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Intel case in FTC chief's hands

The Federal Trade Commission's investigative staff is recommending that a case be filed, but a few steps remain first.

A Federal Trade Commission decision on whether to file an antitrust case against Intel has moved to the second-to-last phase in the process, making it possible for a case to be filed in the next few weeks.

The FTC investigative staff has sent its recommendations to William J. Baer, the director of the Bureau of Competition for the FTC, sources close to the investigation said.

The staff is recommending that a case be filed against the chipmaking giant for allegedly using its monopoly position in microprocessors to coerce computer vendors and other high-tech companies into courses of conduct beneficial to Intel, according to the sources.

Under agency procedure, the director meets with the parties subject to the suit and then passes his recommendations onto the five commissioners, former FTC attorney Howard Morse said. The commissioners then review the recommendations and meet with the parties again before voting on whether to file a case. The entire process, including the deliberations by the working staff, can take three weeks or more, he said.

In conjunction with this initial investigation, the FTC is apparently looking at a broader case against Intel, examining whether the company's relatively tight control over its intellectual property has anticompetitive effects in the marketplace. That case is progressing and unlikely to be part of any initial lawsuit.

While the final outcome on the immediate action remains in question, at least one observer has said that some sort of legal action is likely. "There is a good chance that the commission will act against Intel," said Steve Newborn, an antitrust attorney and former FTC investigator.

However, a settlement remains possible. Intel is clearly more adverse to litigation than Microsoft, Newborn and others say, but a settlement would carry future restrictions on Intel's behavior. (Intel is an investor in CNET: The Computer Network).

An initial suit would most likely center around Intel's relationship with computer makers Intergraph and Digital Equipment. Both companies have alleged that the chipmaker arbitrarily terminated nondisclosure agreements in an effort to force them to enter into technology cross-licensing pacts. Without the information in the nondisclosure agreements, the companies were hampered from coming out with products based around Intel chips.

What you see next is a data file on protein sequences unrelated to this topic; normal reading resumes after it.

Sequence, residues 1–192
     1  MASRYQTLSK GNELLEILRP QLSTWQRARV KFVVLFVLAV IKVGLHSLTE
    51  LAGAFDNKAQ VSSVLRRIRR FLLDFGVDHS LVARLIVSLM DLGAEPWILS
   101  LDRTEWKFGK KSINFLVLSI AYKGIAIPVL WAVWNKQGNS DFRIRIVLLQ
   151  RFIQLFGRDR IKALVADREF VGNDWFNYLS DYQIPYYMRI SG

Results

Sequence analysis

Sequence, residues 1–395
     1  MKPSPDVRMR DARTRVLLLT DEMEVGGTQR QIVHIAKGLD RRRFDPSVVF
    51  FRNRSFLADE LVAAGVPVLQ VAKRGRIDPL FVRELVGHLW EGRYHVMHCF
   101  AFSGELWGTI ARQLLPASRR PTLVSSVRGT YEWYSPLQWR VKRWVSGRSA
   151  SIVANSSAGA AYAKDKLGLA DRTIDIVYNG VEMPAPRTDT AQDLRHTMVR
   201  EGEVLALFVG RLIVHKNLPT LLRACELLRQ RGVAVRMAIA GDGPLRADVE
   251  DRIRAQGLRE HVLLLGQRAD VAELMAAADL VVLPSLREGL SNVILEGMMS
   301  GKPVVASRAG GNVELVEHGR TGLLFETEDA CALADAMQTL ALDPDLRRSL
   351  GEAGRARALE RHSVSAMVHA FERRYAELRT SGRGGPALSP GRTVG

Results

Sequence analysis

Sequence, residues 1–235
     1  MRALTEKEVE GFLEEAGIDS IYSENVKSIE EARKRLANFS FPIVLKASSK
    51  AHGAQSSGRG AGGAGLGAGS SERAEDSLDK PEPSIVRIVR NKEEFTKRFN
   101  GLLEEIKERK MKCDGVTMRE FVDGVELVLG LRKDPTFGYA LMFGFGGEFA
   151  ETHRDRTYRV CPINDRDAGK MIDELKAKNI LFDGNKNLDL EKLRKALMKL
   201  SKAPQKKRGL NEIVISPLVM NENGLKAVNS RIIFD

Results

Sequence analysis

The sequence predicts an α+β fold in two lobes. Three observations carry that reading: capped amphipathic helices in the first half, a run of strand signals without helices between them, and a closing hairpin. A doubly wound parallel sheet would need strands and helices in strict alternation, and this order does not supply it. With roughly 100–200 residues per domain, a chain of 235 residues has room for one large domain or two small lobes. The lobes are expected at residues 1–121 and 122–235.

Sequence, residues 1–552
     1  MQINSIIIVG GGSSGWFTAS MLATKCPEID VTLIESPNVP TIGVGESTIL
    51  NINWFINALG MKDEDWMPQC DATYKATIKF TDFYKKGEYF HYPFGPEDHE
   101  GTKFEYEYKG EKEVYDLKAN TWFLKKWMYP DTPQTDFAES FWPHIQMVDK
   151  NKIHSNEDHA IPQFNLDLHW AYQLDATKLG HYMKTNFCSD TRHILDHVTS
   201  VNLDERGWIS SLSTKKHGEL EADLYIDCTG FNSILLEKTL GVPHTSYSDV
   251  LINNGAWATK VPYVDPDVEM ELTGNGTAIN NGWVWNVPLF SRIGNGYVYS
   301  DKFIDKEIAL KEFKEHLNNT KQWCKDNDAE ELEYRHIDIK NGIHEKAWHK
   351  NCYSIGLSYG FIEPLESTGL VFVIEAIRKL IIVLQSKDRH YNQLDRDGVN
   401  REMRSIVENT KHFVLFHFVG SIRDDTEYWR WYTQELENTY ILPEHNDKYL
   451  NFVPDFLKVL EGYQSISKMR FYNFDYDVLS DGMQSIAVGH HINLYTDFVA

Both companies filed suit against Intel in 1997. While Digital settled its suit on terms that many observers thought were beneficial to Digital, the Intergraph suit continues.

The case has served as a window on the chipmaker's alleged sharp business practices. Intergraph executives have testified that Intel executives, identified by name, withdrew nondisclosure agreements because Intergraph refused to license its own processor technology to Intel. Intergraph also said that it had to delay a workstation because Intel canceled promises to deliver microprocessors.

A U.S. District Court in Alabama that is hearing the case has so far ruled that Intel must provide Intergraph with product information and processors during the suit.

The second investigation into Intel's control over its technology appears to reach farther, but experts are divided on whether such a suit could be sustained.

Intel licenses its intellectual property, buy typically only reluctantly, say observers. Until recently, Intel maintained close control over the patents surrounding the Pentium II processors. Rival Cyrix only gained rights to the patents by merging with National Semiconductor.

This tight control could lead to antitrust problems for Intel because it is expanding its focus far beyond microprocessors, Newborn said.

For instance, Intel is planning on coming out with a chipset for its Celeron processor this fall that incorporates graphics and audio functions, several sources have said. This level of feature integration, unprecedented for Intel, subsumes two functions that were previously discrete and offered by independent chip manufacturers. While Intel has said it has licensed technology to make these chipsets to other parties, no manufacturer has yet to announce products based around an Intel license.

If no competitor appears, Intel will not only have a monopoly in the chipset arena, but also effectively be using its dominance in microprocessors and chipsets to force graphics chipmakers out of the market, Newborn theorized.

Still, many others have pointed out that the FTC's case could be tough to win because the technology licenses do in fact exist. Charles Rule, former head of the Justice Department antitrust division and an attorney who is also representing Microsoft in other matters, pointed out that courts are reluctant to force companies to license their intellectual property. The only decision to support such a theory is the injunction decision in the Intergraph case.

The FTC has already wrapped up two other Intel investigations covering very specific matters. One looked into the company's acquisition of graphics chipmaker Chips and Technologies. The agency approved the acquisition earlier this year and terminated the investigation.

A second inquiry followed the legal settlement with Digital. This deal was also approved.

Companies that have received subpoenas and requests for documents during the course of the current investigation include Digital, Intergraph, Cyrix, and Advanced Micro Devices. The agency has also contacted graphics chip maker S3, which had once been a major supplier for chips on Intel motherboards.

A spokesman for Intergraph said recently that the FTC has been contacting the company approximately once a week.